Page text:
Literary Mama writing about the many faces of motherhood
Essential Reading: Women’s Memoir

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This month Literary Mamas share their favorite women's memoirs. Take your pick!

Download the list to find it fast at your local bookstore or library.

Irena Smith, Columns Department Editorial Assistant, writes, "Meghan Daum's original and immediately engaging Life Would Be Perfect If I Lived in That House charts a life spent playing house. Meghan, who grows up obsessed with Little House on the Prairie (going so far as almost buying her own not-so-little house right off the interstate in Nebraska), follows her mother to open houses as a child and, as an adult, moves into a dizzying succession of rentals and sublets -- each with the power, or so she imagines, to change her life and reflect back a better, more sophisticated self. Finally, in her mid-30s, she settles down in a quaint bungalow in Los Angeles -- right as the housing market begins to give way. Daum writes with irresistible dry wit and a gimlet eye for the telling, and sometimes quirky detail, and her tales of childhood homes, nightmare close quarters in Manhattan, spacious rentals in Nebraska, and a house in LA she loved far more passionately than her boyfriend at the time are by turns hilarious and poignant. The book jacket promises that it's a great read for anyone who has never outgrown playing house (true), but it is also a deeply personal meditation on how one woman's living quarters have shaped her -- and about the mark she has left on the places she's lived."

Columnist Heather Cori shares, "Four years and 1,000 discarded pages past her deadline, Mary Karr brings us her third memoir, Lit. I loved her previous life confessionals, Liar's Club and Cherry and think they set a high standard for memoir. While I was anxiously waiting for Lit to arrive, I considered the title. Lit means to be drunk or drugged; lit means to have light within; lit also is short for literature. A perfect title. As the back reads, 'Lit is about getting drunk and getting sober; becoming a mother by letting go of a mother; learning to write by learning to live.' The heaviness of the topic is balanced by her I-can't-believe-she-said that humor. I read this book slowly even though it was compelling; I wanted to make it last as long as possible."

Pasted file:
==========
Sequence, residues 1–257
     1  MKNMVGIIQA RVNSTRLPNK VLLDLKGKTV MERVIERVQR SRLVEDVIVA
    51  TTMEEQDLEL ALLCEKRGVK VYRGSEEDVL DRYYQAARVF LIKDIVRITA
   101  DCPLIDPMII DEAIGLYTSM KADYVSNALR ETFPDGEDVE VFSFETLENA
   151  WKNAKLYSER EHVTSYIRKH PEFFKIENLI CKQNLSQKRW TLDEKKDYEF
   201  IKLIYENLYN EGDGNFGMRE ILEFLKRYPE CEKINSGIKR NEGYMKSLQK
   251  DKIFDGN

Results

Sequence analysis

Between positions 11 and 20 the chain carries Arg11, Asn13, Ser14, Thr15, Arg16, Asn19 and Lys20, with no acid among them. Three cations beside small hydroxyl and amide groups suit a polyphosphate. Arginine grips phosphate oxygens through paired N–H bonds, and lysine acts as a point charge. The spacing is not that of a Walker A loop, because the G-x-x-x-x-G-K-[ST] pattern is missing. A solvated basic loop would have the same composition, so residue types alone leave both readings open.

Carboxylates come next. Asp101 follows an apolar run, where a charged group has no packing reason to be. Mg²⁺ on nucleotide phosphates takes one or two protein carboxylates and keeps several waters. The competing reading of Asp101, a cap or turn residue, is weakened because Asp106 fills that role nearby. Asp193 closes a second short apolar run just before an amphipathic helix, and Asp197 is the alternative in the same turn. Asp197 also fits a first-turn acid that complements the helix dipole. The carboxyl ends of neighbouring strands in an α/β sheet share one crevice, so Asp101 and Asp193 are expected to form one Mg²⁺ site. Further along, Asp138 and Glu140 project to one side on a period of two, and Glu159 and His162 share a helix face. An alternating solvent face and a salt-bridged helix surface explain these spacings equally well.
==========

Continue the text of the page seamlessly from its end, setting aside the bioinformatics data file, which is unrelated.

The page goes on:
Suzanne Kamata, Fiction Co- Editor, says, "In The Question of David, Denise Sherer Jacobson writes about becoming the mother via adoption of a baby boy who might have cerebral palsy. She struggles to maintain the balance between her writing, wifehood, and motherhood, kvetches about her mother-in-law, and worries about finding good household help - pretty routine stuff, until you consider that both Jacobson and her husband also have cerebral palsy and use wheelchairs to get around the house -- and the world. Jacobson's story is frank, humorous, and sometimes horrifying, but ultimately triumphant. Although this book is now out of print, it should be considered a classic."

Caroline Grant, Editor-in-Chief and Columnist writes, "My favorite recent memoir is Bonnie Rough's Carrier: Untangling the Danger in My DNA. It's an extraordinary book, so beautifully written. Rough learns that she is a carrier for HED, a non-fatal but difficult genetic disorder that her grandfather suffered from and her brother also has. As she tells her story of trying to decide whether to have children, whether to undergo prenatal genetic testing, whether to carry a child with HED to term, she also tells her mother's and her grandfather's stories, in alternating 1st-person narratives. The memoir is a gorgeous love story, and also reads like a medical thriller -- I was staying up late and rising early to read it."

Kristina Riggle, Fiction Co-Editor, shares, "I adored Julie Klam's Please Excuse My Daughter, which is funny and poignant without ever crossing over into sappy territory. Klam writes of how her doting, loving mother inadvertantly sent young Julie into the world utterly unable to manage in situations where a note from home can't get her out of trouble. Yet this is not a shrill, whiny, 'Look what my parents did to me' kind of story. It's full of heart and affection, and she's honest about her own foibles and without ever losing her charm or sense of humor. Her misadventures in crafting an adult self in New York City are funny, emotional and real. I'm looking forward to her new book, You Had Me At Woof: How Dogs Taught Me the Secrets of Happiness."

Katie de Iongh lives in Rye, New Hampshire with her husband and their three young children. She is a community volunteer, freelance writer and college English instructor.

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